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Wisconsin Watch, the award-winning newsroom of the Wisconsin Center for Investigative Journalism, is seeking applicants for an investigative reporting internship beginning Jan. 25, 2021 and working 10 to 20 hours a week through the end of the semester.
The reporting intern will produce investigative stories and may also use additional skills such as photography and data analysis and visualization. This internship may be extended for a full year based on interest and performance.
Eligibility is limited to undergraduate and graduate students who are enrolled at the time of application in the University of Wisconsin-Madison School of Journalism and Mass Communication, where the independent nonpartisan and nonprofit Center is based. (December 2020 graduates are eligible to apply.)
Pay for the internship is $12.50 an hour. The part-time schedule is flexible, between 10 and 20 hours per week during the academic year, with the possibility of increasing to full-time in the summer.
*** The application deadline is 5 p.m. Friday, Dec. 4, 2020. ***
Interns are expected to work remotely until further notice because of COVID-19 restrictions. Some travel around Wisconsin may be required. A laptop is required.
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About the internship
Reporting interns receive intensive training and experience in interviewing, researching and writing. They work with Wisconsin Watch’s staff and media partners to produce high-impact investigative journalism on government integrity and quality of life issues. In-depth, investigative and computer-assisted reporting skills are preferred. Web, audio, video,photography and additional language skills are desirable.
To apply for a reporting internship, applicants must submit the following in electronic form to Managing Editor Dee J. Hall at firstname.lastname@example.org
- One-page letter describing why you should be selected for the position.
- Resume including work and journalistic experience, awards, GPA and three references.
- Up to five examples of published or broadcast work. Students who want to do photos, videos or other multimedia should provide portfolios.
- One story pitch, no longer than three paragraphs. A pitch is not a topic. It should summarize the story in a single sentence, and explain who is affected by the situation, why the public should care and how you plan to get it done.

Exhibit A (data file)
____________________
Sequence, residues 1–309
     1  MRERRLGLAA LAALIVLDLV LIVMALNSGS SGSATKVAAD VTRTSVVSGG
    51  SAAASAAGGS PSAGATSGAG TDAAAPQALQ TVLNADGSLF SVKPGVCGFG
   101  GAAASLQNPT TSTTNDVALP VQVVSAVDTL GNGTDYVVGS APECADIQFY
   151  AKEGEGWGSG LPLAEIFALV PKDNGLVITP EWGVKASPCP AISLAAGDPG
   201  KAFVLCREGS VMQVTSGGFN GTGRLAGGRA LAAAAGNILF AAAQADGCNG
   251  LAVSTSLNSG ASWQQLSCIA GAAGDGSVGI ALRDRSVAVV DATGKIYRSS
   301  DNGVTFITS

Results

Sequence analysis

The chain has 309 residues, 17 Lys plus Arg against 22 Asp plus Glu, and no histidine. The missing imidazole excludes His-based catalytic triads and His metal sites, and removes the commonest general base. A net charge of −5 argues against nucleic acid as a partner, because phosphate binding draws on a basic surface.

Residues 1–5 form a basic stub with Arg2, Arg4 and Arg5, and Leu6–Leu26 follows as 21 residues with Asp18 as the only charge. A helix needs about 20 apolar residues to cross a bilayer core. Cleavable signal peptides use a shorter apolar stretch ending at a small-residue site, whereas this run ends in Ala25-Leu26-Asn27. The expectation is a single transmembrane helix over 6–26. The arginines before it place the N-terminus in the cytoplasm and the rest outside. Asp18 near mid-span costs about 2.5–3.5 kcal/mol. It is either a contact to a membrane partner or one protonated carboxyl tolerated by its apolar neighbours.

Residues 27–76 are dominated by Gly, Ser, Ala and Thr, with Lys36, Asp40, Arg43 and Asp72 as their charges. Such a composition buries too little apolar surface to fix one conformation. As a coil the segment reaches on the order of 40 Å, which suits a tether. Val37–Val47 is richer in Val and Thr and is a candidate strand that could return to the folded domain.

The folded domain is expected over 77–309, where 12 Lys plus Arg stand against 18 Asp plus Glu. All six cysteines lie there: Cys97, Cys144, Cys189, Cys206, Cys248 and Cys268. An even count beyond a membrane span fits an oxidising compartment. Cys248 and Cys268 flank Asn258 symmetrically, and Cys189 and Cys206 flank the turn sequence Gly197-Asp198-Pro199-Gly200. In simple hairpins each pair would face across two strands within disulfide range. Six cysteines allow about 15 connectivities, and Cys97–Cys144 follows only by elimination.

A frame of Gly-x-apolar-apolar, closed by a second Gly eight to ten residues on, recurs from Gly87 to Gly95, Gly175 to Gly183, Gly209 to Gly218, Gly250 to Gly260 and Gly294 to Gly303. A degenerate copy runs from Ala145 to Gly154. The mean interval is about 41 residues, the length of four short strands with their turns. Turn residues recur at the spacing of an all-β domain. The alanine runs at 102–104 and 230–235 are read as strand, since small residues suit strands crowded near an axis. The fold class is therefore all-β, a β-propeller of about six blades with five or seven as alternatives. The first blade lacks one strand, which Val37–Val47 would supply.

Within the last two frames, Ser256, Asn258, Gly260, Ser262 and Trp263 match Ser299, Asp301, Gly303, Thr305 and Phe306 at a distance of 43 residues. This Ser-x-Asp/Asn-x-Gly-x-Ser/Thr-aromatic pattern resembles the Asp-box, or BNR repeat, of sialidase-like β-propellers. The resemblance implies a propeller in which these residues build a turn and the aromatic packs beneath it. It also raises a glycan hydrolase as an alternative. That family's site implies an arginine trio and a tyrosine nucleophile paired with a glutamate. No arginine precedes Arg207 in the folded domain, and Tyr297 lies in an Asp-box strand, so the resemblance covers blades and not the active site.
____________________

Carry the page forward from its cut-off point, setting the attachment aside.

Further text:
Questions about the news internship may be directed to Managing Editor Dee J. Hall at email@example.com, 608-333-2433.
About the Wisconsin Center for Investigative Journalism
The Center began operating in 2009. It increases the quality, quantity and understanding of investigative reporting in Wisconsin, while training current and future generations of investigative journalists. Its work fosters an informed citizenry and strengthens democracy. The Center is guided by its values: Protect the vulnerable. Expose wrongdoing. Explore solutions. It focuses on government integrity and quality of life issues such as the environment, education, the economy, health, and the justice system.
Wisconsin Watch collaborates with WPR, PBS Wisconsin, the University of Wisconsin-Madison School of Journalism & Mass Communication, and news organizations in Wisconsin and across the nation.
Wisconsin Watch’s reports are published on WisconsinWatch.org and are made available for free to print, online and broadcast news organizations.
Since our launch in 2009, we have produced nearly 430 major news reports that have been cited, published or broadcast by more than 960 newspapers, radio and TV stations and news websites in Wisconsin and nationwide reaching an estimated audience of nearly 114 million. In 2019, we shared 46 investigative reports with more than 220 news organizations — more than half of them located in Wisconsin. During the pandemic, the audience on our website is triple the normal size.
Stories produced by Wisconsin Watch’s staff, interns and classroom collaborations have received professional recognition, including 88 Milwaukee Press Club awards, a national Sigma Delta Chi/Society of Professional Journalists award and a Regional Edward R. Murrow Award.
Wisconsin Watch’s 50-plus former interns and fellows are thriving in journalism and related fields. They have worked for news organizations across the nation and around the world, including the Wall Street Journal, the Milwaukee Journal Sentinel, Wisconsin State Journal, the Cap Times, The Telegraph, The Guardian, BBC, Business Insider, Vox, The Progressive, Better Government Association, Institute for Nonprofit News, Public Radio Exchange, Wisconsin Public Radio, WisContext, WisPolitics.com, NBC, Appleton Post-Crescent, The Nation, The Associated Press and others.
The Wisconsin Center for Investigative Journalism embraces diversity and inclusiveness in our journalism, training activities, hiring practices and workplace operations. The complex issues we face as a society require respect for different viewpoints. Race, class, generation, sexual orientation, gender and geography all affect point of view. Reflecting these differences in our reporting leads to better, more-nuanced stories and a better-informed community.
We especially encourage members of traditionally underrepresented communities to apply, including women, people of color, LGBTQ people and people with disabilities.
We look forward to hearing from you!
More details about the Center’s journalistic and financial operations are available at: http://www.wisconsinwatch.org/about/